"At first it was great because I stopped crying but then I realized I was also not laughing. I had no emotions. I did not want to live the rest of my life like that. I was on medication for nine months but I had to stop because I didn't feel anything towards anyone. I stopped taking it and I was nervous at first but I found meditation and yoga. It helped me center myself."
Knowing that he needed help was the most important realization for Dela Cruz, but he also needed to have the patience to accept that solutions differ from person to person. One thing that might have worked for someone else might not be a fit for him so it's a constant process of searching for answers.
'It does not mean you are weak'
Dela Cruz's message for those who might be feeling the same is that it's OK.
"As athletes, we're all hurting because of the pressure we face on a regular basis. We have to accept that it's OK for us to have emotions. As a man, we're only allowed two emotions that are accepted in society: anger and happiness. We're not allowed to feel sad because people see it as a weakness," he opined.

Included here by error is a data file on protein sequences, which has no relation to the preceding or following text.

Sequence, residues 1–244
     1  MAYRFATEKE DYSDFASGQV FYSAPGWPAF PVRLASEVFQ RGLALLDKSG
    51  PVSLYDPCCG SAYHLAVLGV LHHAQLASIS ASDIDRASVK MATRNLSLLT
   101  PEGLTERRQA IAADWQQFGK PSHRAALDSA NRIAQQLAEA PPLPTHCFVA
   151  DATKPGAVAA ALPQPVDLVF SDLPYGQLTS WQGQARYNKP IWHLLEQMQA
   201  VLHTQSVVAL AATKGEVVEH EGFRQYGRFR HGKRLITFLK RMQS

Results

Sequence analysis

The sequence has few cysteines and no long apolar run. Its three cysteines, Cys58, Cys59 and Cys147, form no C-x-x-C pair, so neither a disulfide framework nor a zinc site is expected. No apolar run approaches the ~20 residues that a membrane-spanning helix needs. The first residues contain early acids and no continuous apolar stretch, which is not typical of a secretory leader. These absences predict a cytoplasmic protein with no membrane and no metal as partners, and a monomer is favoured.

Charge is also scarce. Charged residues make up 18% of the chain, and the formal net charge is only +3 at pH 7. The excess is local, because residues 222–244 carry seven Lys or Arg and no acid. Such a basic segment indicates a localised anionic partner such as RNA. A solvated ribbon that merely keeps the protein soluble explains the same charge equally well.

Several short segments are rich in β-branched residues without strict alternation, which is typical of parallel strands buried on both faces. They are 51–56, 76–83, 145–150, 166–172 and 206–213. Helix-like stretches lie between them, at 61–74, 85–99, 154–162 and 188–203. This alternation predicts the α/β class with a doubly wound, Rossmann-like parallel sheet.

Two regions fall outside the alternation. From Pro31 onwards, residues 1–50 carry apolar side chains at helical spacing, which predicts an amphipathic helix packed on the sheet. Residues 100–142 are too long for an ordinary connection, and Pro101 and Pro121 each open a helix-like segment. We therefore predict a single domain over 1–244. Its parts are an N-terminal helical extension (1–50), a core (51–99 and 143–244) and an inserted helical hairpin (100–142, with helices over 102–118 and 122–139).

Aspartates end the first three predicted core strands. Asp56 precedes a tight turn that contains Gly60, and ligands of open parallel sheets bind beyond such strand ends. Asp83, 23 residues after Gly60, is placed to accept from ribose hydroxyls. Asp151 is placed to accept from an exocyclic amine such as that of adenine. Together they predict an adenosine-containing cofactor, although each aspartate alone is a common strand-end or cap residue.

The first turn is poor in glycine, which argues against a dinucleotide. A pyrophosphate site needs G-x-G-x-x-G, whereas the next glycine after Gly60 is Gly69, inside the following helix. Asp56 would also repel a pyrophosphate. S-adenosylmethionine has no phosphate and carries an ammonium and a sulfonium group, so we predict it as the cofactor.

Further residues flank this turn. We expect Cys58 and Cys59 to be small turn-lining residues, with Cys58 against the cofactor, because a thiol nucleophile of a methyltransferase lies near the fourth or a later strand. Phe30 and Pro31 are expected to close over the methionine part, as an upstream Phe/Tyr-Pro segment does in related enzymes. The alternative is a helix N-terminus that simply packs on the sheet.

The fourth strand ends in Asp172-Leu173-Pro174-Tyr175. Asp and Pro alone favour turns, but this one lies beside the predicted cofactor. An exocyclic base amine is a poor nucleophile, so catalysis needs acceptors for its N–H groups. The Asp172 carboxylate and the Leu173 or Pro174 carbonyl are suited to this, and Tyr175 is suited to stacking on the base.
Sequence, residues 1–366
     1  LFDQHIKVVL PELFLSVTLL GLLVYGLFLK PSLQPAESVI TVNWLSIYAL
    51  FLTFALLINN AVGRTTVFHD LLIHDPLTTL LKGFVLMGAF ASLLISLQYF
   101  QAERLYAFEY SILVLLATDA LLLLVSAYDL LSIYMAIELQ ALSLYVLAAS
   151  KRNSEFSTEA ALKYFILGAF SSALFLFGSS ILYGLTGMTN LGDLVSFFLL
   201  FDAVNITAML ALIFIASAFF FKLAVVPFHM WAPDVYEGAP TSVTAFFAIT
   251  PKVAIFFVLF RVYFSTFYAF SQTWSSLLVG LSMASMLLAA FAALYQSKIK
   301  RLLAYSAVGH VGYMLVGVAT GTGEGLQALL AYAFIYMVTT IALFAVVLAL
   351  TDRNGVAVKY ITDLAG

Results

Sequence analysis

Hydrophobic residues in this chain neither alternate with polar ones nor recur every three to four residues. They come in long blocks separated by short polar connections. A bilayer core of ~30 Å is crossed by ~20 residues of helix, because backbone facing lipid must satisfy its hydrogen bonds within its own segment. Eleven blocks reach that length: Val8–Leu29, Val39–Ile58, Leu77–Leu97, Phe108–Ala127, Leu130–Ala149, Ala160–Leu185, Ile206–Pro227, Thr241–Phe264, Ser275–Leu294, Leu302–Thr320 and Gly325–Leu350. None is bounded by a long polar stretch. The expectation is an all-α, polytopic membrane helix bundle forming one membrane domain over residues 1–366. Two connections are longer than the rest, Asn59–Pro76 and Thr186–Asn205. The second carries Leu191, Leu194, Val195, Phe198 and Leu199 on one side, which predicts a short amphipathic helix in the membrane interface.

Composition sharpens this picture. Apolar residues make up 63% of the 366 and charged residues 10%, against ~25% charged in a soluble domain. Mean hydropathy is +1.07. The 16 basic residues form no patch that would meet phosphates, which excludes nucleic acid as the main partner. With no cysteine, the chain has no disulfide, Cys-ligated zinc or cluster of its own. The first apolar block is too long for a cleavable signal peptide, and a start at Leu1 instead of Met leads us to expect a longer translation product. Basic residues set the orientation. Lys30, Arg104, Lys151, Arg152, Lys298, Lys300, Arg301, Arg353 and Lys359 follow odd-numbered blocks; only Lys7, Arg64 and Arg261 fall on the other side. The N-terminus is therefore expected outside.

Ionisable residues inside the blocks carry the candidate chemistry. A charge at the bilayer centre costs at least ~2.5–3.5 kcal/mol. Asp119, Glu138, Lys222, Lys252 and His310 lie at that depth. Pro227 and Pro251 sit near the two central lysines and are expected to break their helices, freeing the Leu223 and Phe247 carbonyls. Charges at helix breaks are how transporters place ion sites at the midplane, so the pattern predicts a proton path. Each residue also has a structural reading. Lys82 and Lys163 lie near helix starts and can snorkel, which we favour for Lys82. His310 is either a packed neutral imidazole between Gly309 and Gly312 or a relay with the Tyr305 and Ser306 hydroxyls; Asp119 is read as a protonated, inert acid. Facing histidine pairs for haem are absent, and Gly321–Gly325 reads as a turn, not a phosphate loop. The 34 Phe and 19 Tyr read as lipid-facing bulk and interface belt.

"If you sprained your ankle and you don't let it heal and you keep using it, something else is going to hurt. Maybe it's your calf or knee or hip or back. That's the same thing in your mind. The more you suppress trauma, the more it's going to come out in different ways. There's nothing wrong with getting help mentally. It does not mean you are weak. In my opinion, it actually means you are strong because you're strong enough to admit you need help."
Slowly, Dela Cruz started getting better. Although it was not easy as he went through an ugly divorce with his wife that also ended up straining his relationship with his kids. Through all that he came out the other side better.
And for him, "better" meant something as simple as being strong enough to be left alone with his thoughts. Dela Cruz got better for himself, and in the process, became someone who could support others. The challenges in his mind did not stop after he started facing his struggles. Every time he'd take a step forward, life would knock him down as if to test if he was strong enough.